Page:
Read 1 Corinthians 4:1-4
1 So look at Apollos and me as mere servants of Christ who have been put in charge of explaining God’s mysteries. 2 Now, a person who is put in charge as a manager must be faithful. 3 As for me, it matters very little how I might be evaluated by you or by any human authority. I don’t even trust my own judgment on this point. 4 My conscience is clear, but that doesn’t prove I’m right. It is the Lord himself who will examine me and decide. (NLT)
Very few of us set out to be deliberately unpopular. Most of us want to be liked and accepted. We rightly value others’ opinions of us. We can’t live as if these don’t matter at all. In his letters, Paul expresses concern about how others think of him. He is disappointed when misunderstood and upset when opposed.
In this text, though, he puts things in perspective. What the Corinthians think of him matters but doesn’t matter most. He is not insensitive to their evaluation of him, but other things matter more. Indeed, he doesn’t even place the highest priority on his opinion of himself. We can be too harsh on ourselves or go too easy on ourselves. We can be puffed up or put ourselves down in the pit. Self-evaluation is far from infallible.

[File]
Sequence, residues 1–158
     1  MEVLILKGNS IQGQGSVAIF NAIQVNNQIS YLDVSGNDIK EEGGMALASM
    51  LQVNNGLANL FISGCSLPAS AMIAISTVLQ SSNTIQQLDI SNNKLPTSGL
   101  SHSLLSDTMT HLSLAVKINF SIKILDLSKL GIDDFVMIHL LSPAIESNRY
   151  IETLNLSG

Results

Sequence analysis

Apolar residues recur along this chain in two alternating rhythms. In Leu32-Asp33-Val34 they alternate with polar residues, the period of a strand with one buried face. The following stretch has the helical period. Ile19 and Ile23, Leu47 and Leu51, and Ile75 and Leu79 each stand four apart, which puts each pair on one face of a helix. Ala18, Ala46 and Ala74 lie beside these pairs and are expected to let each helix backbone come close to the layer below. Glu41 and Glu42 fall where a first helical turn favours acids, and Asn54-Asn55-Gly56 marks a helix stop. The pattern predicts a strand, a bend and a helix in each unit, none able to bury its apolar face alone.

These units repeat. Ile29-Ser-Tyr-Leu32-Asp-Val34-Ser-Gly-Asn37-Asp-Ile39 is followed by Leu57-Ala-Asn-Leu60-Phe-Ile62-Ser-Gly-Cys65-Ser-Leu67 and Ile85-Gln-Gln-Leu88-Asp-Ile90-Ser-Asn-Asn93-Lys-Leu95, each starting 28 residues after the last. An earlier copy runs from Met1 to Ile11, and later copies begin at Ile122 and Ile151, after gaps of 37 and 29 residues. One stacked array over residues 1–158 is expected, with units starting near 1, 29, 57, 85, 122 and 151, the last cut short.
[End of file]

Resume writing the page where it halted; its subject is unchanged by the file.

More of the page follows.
Ultimately, it is God’s opinion that counts. And we can trust him to be truthful and loving. This not only affects the way we view ourselves but others as well. Our evaluations of others are always tentative and conditional. We simply don’t know enough to make judgements.
So we give up the frustrating and energy-sapping task of trying to control how others think of us. So much of our time is spent on crafting an image that will cause others to think well of us. While we don’t go around deliberately antagonising people, nor do we make it our priority to have them join our fan club. What others think of us, what I think of myself, matters. But they don’t matter most.